10 Things To See On The Icefields Parkway

Icefields Parkway

The Icefields Parkway is one of the most iconic drives in the world, and it’s easy to see why. This breathtaking route winds through the Canadian Rockies, connecting Banff National Park to Jasper National Park, passing by the Columbia Icefield.

If you were to go straight through, the drive would take about three hours, but I would plan to spend at least half of the day on the parkway. There are a ton of places you’ll want to stop and see, so I’ve narrowed them down to my top ten for you. All ten spots are easily accessible; a few can even be seen from the road. 

This guide goes south to north (Banff to Jasper) but can easily be flipped if you plan to drive from Jasper to Banff. Make sure to also check out my Guide to Banff National Park to complete your trip to the Canadian Rockies

Before You Go

Make sure to fill your gas tank up before you leave Banff, as there is only one gas station along the route, and it’s closed during the winter. Bring lots of water and snacks. Download offline maps ahead of time as there’s limited cellphone service on the parkway.

1. Crowfoot Glacier Viewpoint

One of the first glaciers you’ll see on the parkway is Crowfoot Glacier, named because of its shape like a crow’s foot. The glacier used to have three “toes” extending out, but the bottom toe has retreated and is no longer visible. It’s an easy roadside stop. 

2. Bow Lake

Less than a mile from the Crowfoot Glacier Viewpoint is the Bow Lake Viewpoint. Bow Lake is one of the largest lakes in Banff National Park. It also has the beautiful turquoise color, which many Canadian Rockies lakes are known for. 

There are a few options for exploring Bow Lake. While you can see it from afar at the viewpoint, you can also walk along the lakeshore trail. If you have the time, the Bow Glacier Falls Trail is a 5.5-mile hike to see the meltwater from Bow Glacier that eventually flows into Bow Lake.

3. Peyto Lake

Peyto Lake along Icefields Parkway

If you choose just one trail on the Icefields Parkway, it should be the 1.5-mile loop to the Peyto Lake Panorama Overlook. The viewpoint is up high, so you’ll be able to see the entire lake and appreciate the color. This and the Columbia Icefields are arguably the two most popular spots along the parkway so expect large crowds.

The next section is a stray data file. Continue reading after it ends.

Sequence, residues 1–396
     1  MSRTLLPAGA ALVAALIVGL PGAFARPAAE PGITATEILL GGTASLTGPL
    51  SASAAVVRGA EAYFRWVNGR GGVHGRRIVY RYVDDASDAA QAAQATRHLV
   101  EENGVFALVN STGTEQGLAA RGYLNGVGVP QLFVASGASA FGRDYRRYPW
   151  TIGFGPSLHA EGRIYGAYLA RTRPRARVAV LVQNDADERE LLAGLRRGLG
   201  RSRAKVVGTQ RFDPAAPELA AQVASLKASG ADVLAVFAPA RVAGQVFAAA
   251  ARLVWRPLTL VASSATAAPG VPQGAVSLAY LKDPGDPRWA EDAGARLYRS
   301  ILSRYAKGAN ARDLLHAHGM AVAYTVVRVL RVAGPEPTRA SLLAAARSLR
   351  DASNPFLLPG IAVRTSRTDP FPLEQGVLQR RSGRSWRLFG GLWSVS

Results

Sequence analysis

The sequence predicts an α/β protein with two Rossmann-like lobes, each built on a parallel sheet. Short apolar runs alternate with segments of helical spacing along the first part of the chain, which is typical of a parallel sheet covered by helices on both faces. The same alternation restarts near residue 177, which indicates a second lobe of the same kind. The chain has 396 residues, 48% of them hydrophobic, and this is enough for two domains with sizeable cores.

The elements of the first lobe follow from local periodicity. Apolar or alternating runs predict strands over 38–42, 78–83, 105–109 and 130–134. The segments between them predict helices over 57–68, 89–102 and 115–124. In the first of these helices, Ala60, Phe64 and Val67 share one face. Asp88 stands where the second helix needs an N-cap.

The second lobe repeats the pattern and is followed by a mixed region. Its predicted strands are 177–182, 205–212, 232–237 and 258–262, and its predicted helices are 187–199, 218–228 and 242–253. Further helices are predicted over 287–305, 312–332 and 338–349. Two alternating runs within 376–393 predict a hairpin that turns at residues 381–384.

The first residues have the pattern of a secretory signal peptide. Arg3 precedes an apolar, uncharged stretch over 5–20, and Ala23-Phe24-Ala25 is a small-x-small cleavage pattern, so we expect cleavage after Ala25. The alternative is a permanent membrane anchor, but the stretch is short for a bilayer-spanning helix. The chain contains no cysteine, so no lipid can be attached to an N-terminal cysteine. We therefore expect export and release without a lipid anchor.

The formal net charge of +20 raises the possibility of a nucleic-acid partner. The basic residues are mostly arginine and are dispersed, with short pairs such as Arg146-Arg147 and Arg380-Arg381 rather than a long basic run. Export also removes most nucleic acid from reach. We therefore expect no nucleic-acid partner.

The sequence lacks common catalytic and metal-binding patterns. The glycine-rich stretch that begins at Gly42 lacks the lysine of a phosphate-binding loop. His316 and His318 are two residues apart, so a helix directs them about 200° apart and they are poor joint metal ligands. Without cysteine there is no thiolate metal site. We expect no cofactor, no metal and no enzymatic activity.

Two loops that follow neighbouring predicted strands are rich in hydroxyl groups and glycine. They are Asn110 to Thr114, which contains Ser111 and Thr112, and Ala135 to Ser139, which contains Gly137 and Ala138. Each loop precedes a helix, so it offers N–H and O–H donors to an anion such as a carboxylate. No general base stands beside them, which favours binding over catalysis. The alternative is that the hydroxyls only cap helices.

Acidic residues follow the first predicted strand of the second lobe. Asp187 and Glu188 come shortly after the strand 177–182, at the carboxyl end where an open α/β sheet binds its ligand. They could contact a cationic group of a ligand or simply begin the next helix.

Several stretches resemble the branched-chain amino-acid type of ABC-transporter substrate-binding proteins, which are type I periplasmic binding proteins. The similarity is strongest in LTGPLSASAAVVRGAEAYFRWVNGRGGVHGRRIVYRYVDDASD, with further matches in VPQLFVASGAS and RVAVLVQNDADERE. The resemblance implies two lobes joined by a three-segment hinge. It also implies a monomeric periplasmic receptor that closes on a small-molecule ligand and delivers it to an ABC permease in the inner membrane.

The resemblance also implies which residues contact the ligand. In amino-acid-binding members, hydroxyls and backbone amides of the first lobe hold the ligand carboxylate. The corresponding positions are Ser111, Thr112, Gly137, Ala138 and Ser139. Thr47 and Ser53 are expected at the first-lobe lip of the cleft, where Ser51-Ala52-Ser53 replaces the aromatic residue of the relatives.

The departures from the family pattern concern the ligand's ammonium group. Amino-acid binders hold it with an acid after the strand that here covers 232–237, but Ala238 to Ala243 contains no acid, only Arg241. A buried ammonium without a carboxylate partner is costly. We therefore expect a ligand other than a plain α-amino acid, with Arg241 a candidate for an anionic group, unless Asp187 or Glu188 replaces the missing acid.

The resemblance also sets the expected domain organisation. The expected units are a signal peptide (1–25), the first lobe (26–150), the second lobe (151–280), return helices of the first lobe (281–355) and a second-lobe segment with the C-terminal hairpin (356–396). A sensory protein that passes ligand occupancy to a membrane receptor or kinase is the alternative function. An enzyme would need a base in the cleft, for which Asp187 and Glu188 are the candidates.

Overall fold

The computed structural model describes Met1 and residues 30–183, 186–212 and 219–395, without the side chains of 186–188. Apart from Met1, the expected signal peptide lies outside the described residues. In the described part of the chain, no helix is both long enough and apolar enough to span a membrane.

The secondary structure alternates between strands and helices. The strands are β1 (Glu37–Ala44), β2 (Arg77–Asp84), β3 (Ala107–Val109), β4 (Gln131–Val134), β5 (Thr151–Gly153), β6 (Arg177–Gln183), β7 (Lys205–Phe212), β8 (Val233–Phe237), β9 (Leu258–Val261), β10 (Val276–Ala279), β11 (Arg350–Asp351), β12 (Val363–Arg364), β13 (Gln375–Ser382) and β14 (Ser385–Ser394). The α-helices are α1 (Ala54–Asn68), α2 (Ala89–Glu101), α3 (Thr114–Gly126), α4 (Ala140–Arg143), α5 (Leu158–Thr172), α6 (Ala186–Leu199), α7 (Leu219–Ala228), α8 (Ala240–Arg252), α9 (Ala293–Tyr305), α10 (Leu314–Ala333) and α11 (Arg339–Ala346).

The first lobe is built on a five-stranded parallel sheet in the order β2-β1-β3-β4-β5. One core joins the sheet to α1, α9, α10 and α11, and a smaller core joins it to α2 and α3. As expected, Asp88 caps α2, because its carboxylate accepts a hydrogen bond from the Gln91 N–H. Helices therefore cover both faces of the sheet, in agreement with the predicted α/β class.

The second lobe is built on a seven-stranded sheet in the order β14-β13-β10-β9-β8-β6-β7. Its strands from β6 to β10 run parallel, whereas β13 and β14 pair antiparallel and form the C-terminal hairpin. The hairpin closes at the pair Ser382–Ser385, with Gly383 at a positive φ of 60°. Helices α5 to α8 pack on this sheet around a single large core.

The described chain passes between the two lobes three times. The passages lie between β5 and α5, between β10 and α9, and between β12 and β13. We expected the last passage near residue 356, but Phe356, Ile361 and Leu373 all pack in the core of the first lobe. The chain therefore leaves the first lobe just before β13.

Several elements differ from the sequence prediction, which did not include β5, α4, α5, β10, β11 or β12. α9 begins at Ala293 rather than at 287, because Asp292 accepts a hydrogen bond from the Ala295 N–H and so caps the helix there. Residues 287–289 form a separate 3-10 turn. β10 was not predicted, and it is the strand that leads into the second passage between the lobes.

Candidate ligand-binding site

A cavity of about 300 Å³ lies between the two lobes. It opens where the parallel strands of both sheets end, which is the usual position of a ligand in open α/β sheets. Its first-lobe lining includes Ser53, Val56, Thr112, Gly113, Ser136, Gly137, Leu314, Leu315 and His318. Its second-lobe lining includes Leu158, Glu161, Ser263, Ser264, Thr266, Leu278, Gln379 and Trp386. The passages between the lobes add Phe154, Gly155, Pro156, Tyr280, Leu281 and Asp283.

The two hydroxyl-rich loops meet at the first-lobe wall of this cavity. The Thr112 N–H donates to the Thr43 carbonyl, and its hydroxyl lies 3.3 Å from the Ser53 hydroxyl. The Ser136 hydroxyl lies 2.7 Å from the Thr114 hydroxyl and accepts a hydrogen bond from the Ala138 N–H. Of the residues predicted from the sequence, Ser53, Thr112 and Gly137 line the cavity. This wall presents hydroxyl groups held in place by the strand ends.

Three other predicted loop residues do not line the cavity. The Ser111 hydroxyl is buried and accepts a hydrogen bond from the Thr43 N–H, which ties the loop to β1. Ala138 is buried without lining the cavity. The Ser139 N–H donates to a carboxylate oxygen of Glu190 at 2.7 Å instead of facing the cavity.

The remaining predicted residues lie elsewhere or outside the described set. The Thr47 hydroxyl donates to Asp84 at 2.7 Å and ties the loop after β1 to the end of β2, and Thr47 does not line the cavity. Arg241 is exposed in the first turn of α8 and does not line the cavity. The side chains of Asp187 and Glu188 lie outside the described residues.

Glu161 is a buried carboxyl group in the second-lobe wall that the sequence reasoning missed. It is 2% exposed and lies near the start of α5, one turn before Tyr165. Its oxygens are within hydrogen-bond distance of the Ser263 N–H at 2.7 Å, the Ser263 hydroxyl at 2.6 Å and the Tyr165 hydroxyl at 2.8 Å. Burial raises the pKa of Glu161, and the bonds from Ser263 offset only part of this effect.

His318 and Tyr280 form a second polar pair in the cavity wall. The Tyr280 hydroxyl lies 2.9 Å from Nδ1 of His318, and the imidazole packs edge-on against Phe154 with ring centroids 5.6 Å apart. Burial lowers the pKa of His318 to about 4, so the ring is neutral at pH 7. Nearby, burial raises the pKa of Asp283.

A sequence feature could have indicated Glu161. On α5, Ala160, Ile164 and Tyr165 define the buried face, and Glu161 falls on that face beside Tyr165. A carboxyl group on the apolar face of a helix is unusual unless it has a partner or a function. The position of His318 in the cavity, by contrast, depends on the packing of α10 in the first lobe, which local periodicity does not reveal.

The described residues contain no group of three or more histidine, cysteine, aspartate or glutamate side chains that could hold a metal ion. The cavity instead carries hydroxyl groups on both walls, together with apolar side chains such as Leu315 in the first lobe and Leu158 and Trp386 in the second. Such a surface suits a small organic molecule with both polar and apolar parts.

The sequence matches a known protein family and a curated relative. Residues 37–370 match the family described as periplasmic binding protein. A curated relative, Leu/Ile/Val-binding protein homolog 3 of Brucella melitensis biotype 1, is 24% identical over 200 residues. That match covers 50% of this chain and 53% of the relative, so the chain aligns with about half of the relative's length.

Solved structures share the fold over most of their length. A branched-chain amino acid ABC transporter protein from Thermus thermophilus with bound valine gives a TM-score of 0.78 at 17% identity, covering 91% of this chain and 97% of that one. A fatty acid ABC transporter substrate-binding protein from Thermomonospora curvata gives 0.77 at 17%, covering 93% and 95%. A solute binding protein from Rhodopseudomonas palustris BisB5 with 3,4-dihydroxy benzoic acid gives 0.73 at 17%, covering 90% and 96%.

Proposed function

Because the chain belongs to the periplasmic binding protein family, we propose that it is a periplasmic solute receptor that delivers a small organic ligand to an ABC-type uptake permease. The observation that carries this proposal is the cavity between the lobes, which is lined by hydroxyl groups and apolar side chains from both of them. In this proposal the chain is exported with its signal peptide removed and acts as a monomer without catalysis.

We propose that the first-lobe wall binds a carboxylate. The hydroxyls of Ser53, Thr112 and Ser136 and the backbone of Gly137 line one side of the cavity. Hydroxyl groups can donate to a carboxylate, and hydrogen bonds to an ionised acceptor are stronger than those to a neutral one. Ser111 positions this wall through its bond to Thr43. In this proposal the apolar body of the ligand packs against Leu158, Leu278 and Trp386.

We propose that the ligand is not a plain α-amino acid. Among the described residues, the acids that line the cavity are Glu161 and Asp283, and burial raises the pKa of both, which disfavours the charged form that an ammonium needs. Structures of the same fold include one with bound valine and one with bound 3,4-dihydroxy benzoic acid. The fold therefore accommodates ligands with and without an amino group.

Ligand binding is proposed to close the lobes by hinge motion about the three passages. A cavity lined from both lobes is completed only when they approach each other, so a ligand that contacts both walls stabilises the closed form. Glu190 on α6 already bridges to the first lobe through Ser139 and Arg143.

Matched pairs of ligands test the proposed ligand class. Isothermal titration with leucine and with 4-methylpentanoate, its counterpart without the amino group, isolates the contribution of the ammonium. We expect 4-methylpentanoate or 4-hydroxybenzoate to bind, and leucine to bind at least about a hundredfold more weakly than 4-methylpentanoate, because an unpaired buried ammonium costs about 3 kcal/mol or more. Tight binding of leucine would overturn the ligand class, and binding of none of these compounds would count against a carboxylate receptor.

4. Mistaya Canyon

Mistaya Canyon

From the parking area, it’s about a 10-minute walk to a bridge that allows you to go right over the canyon. The shape has been carved out over hundreds of years by the rushing water of the Mistaya River.

Many people like going out on the unfenced rocks along the canyon’s edge. Just be careful of slippery rocks. 

Saskatchewan River Crossing

This is not part of the ten on the list, but I wanted to note it as it’s the only place you can fill up on gas while driving between Banff and Jasper. The Saskatchewan River Crossing is significant because it’s where the North Saskatchewan, the Howse, and the Mistaya River meet. The Crossing Resort now sits here and has dining options and a general store. 

5. Weeping Wall

If you don’t want to pull over, you can actually see the Weeping Wall while driving. However, this is a roadside attraction, so it doesn’t take up much time. A series of waterfalls along the cliffs make it look like the wall is “crying.” The main fall is appropriately called Teardrop. 

6. The Big Bend

Big Bend on Icefields Parkway

You’ll know this spot is coming up when you see the big switchback on the map. After the big turn, you’ll get this amazing view. There’s an area to stop, but make sure you’re entirely pulled off the road. 

7. Columbia Icefield

Columbia Icefields

The Columbia Icefield Glacier Discovery Centre is right about halfway between Banff and Jasper, so it’s the perfect place for a break. There are restaurants to grab lunch and clean restrooms, and you can stretch your legs through the displays. 

The Discovery Centre is also where the Columbia Icefield Adventure starts. The tour takes you out on an all-terrain vehicle onto the Athabasca Glacier. It’s one of the six major glaciers that make up the Columbia Icefield. You’ll be able to walk on the glacier, and some people bring an empty water bottle to fill with glacier water. To be honest, its a little pricey, but it’s also a pretty cool experience.   

The other way to see the icefield is the Columbia Icefield Skywalk. It’s a glass floor platform 918 feet above the Sanwapta Valley floor. 

8. Tangle Falls

Tangle Falls along Icefields Parkway

Tangle Falls is another quick stop and might be easy to miss. The falls are alongside the highway, so you could just drive by, but if you want to stop, there’s a small parking area opposite the falls. While it’s not the most impressive waterfall, the multiple tiers make it different from some other falls along the Icefields Parkway.  

9. Sunwapta Falls

Sunwapta Falls

Sunwapta Falls is a pair of waterfalls off the Sunwapta River fed by the Athabasca Glacier. The Upper Falls can be seen from the bridge, which is a short walk from the parking area. To get to the Lower Falls, there’s a trail, about a mile downhill, that starts after the bridge.

10. Athabasca Falls

Athabasca Falls

You’ve made it to the last stop (and it’s a good one)! The trail here is nice and short, just over ½ mile roundtrip, and will take you to see one of the most powerful ones you’ll find in the Rockies. There’s a viewpoint where you can see the falls, but if you keep going, there’s also a bridge where you can see the small canyon that the waterfall has carved out over time. 


While in the Canadian Rockies, exploring the Icefields Parkway is an absolute must. It’s an unforgettable road trip and one you’ll want to do again. With snowcapped mountains, unbelievably blue lakes, and neverending sights to see, the Icefields Parkway is one of the most beautiful drives on Earth. 

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